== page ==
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NFL sure to rally around Andy Reid after son's sudden passing

A couple months back, on one of those evenings when my fiancée was off working the overnight shift at the hospital, I started scrolling through the documentaries on Netflix and remember being floored at the number of them chronicling America's crystal meth epidemic.

So I chose one. And the scariest thing I saw on my TV that night wasn't that families were screwing up their kids, or that the kids were so evil, or that this particular drug crisis is so jarringly widespread.

Nope. The most frightening thing was that so many of the families shown had done so much right in raising their children. And still, it didn't seem to matter. Maybe it's that I saw it weeks after I got engaged. Maybe it's that I have a 7-year-old nephew who's growing up fast. But it hit me.

After watching that, and going on what I know watching my brother and some my close friends raise their kids, it seems to be the scariest thing about having kids -- as someone who doesn't -- is that, at some point, the life you're responsible for building is going to venture out of your control. Again, I don't know jack about parenthood, because I'm, well, not a parent, yet that part seems obvious.

And what I know about Andy Reid, whose 29-year-old son Garrett died Sunday, only reinforces that.

I can describe my perception of Andy Reid -- that he's principled, hard-driving, tough-minded and, outside of football, an amicable and giving man -- but what means more is the experience of those around him, the other coaches and players with the Eagles and around the NFL. There's a reason why, all day today, this seemed to hit the football world so hard, and it's pretty easy to figure out that one.

Because so many folks have affection for Reid and know the struggles he had with his troubled sons, Garrett and Britt, both of whom were driven to jail by addiction. Because so many folks know the strides the family had made in the time since. Because they know him and know how the weight of the world must be coming down on him.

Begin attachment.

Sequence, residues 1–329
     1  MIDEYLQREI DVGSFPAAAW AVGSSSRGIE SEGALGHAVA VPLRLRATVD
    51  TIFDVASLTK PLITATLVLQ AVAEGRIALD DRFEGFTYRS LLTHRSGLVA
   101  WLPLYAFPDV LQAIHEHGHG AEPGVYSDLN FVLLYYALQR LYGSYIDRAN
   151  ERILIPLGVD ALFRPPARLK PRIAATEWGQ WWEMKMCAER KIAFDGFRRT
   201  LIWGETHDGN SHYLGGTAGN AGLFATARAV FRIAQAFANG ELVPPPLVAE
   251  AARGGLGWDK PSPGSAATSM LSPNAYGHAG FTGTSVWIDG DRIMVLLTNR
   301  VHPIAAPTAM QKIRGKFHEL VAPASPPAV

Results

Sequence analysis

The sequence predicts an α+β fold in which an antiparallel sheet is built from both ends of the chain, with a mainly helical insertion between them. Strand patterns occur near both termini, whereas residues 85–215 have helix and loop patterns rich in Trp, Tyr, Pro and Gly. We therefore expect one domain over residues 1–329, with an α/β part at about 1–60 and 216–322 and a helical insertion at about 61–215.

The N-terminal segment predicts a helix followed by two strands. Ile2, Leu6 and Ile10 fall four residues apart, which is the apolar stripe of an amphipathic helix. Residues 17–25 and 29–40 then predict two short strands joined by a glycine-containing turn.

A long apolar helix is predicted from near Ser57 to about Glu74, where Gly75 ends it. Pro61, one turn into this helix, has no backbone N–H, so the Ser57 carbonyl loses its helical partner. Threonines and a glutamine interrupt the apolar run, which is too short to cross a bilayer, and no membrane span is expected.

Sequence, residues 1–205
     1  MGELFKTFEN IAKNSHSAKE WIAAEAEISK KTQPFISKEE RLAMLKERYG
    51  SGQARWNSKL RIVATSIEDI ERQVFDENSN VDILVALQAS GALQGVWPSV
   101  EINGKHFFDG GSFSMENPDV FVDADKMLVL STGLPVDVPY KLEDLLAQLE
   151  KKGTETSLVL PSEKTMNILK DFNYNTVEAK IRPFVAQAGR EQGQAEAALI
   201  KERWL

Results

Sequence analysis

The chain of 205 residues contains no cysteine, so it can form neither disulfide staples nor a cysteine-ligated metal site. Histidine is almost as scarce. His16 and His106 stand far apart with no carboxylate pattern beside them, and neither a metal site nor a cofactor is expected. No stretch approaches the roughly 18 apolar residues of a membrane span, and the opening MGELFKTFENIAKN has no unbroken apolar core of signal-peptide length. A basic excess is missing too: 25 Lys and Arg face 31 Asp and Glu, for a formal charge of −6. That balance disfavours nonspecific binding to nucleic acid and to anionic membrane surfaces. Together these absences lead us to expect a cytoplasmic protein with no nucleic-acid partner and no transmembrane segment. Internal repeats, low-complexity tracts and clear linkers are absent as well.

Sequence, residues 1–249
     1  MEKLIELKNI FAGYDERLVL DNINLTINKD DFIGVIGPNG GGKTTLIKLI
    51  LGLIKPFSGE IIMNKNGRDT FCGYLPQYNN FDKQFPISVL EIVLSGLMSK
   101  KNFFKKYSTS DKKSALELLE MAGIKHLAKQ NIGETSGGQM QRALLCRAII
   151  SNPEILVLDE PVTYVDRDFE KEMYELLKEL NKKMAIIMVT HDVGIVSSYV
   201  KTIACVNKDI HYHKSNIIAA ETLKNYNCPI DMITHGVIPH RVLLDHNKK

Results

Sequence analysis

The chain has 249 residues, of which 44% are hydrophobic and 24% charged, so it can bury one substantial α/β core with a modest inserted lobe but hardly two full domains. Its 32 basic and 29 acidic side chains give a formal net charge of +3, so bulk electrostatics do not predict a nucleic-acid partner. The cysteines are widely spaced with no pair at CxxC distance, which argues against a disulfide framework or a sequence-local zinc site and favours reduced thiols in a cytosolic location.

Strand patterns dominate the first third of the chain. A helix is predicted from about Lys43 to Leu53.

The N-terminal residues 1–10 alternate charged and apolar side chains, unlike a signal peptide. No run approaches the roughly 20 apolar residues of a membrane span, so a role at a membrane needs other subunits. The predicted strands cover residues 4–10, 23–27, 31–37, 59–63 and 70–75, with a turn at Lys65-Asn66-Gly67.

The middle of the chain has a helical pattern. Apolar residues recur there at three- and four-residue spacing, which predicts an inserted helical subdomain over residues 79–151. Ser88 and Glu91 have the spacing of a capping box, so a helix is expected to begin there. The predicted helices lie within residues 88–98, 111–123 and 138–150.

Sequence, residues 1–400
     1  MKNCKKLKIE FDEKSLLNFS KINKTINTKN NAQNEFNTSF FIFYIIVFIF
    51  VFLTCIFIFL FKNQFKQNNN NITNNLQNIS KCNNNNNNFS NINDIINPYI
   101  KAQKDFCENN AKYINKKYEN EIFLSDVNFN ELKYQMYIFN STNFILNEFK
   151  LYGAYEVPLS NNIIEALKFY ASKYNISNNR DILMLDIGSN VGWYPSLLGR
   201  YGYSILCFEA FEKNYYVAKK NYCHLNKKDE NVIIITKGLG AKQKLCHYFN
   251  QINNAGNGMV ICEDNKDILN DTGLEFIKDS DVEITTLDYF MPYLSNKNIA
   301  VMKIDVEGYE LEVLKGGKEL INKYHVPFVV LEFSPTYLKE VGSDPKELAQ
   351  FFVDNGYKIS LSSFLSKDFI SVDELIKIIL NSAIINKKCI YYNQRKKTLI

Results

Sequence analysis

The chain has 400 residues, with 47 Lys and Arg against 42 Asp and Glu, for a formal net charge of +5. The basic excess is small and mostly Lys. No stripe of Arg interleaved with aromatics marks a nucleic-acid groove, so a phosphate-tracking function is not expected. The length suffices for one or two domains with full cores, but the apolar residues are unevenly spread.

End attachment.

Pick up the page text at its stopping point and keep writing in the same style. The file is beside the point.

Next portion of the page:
That doesn't make Reid any different from the insurance executive in Lake Forest, or the stock broker on Long Island, or the venture capitalist in La Jolla who might be going through something similar in his life. It makes him human. It makes his family no different than a lot of others.

According to accounts of those who were there, Eagles owner Jeffrey Lurie had to collect himself when it came time to talk to the press about the effort Reid had made to right his family. Reid's boss then added that the coach's focus was there, at home, as it should be: "We've got to be supportive. We're going to be fine. But I want him to be fine."

It's hard to imagine Reid really and truly will be fine any time soon, but at the very least, he certainly has the support of the NFL community rallying to his back. He is, of course, a part of the 1990s Green Bay Packers fraternity that now has its tentacles all over the league, and his own football family tree has spread as well. Then, there are those who aren't directly connected to him, guys like New England Patriots coach Bill Belichick, who have forged strong relationships with Reid.

It's the reaction from all of them that gives you that window into who Reid really is. I emailed Steve Spagnuolo, a position coach under Reid for eight years and now the New Orleans Saints' defensive coordinator, and he told me he'd issue a statement soon. But he shared his sentiments anyway.

"I would say this -- There is no finer man than Andy Reid," Spagnuolo wrote, before his Saints were to take the field in Sunday night's Hall of Fame Game against the Arizona Cardinals. "You'd be hard-pressed to find anyone who knows him speak a negative word about him. Anyone who has had the privilege to work for him or play for him comes away a better man. He is special. I'm very fortunate to have him in my life, and I'll pray for peace and strength for him and his family during this difficult time."

For now, it seems as if that's the proper thing for all of us to do.

I know people, and have family members, who been through the horror of burying a son or daughter. They say there's an emptiness that forever will be with the parents.

There are, to be sure, still questions to be answered here. But one thing that seems certain from talking to those around Reid, and reading numerous accounts of he and his wife's work in trying to get Garrett and Britt turned around, is that the coach never has anything but the best intentions for those around him, and his family in particular.

And maybe the saddest thing we can take from this news is, sometimes, that's just not enough.

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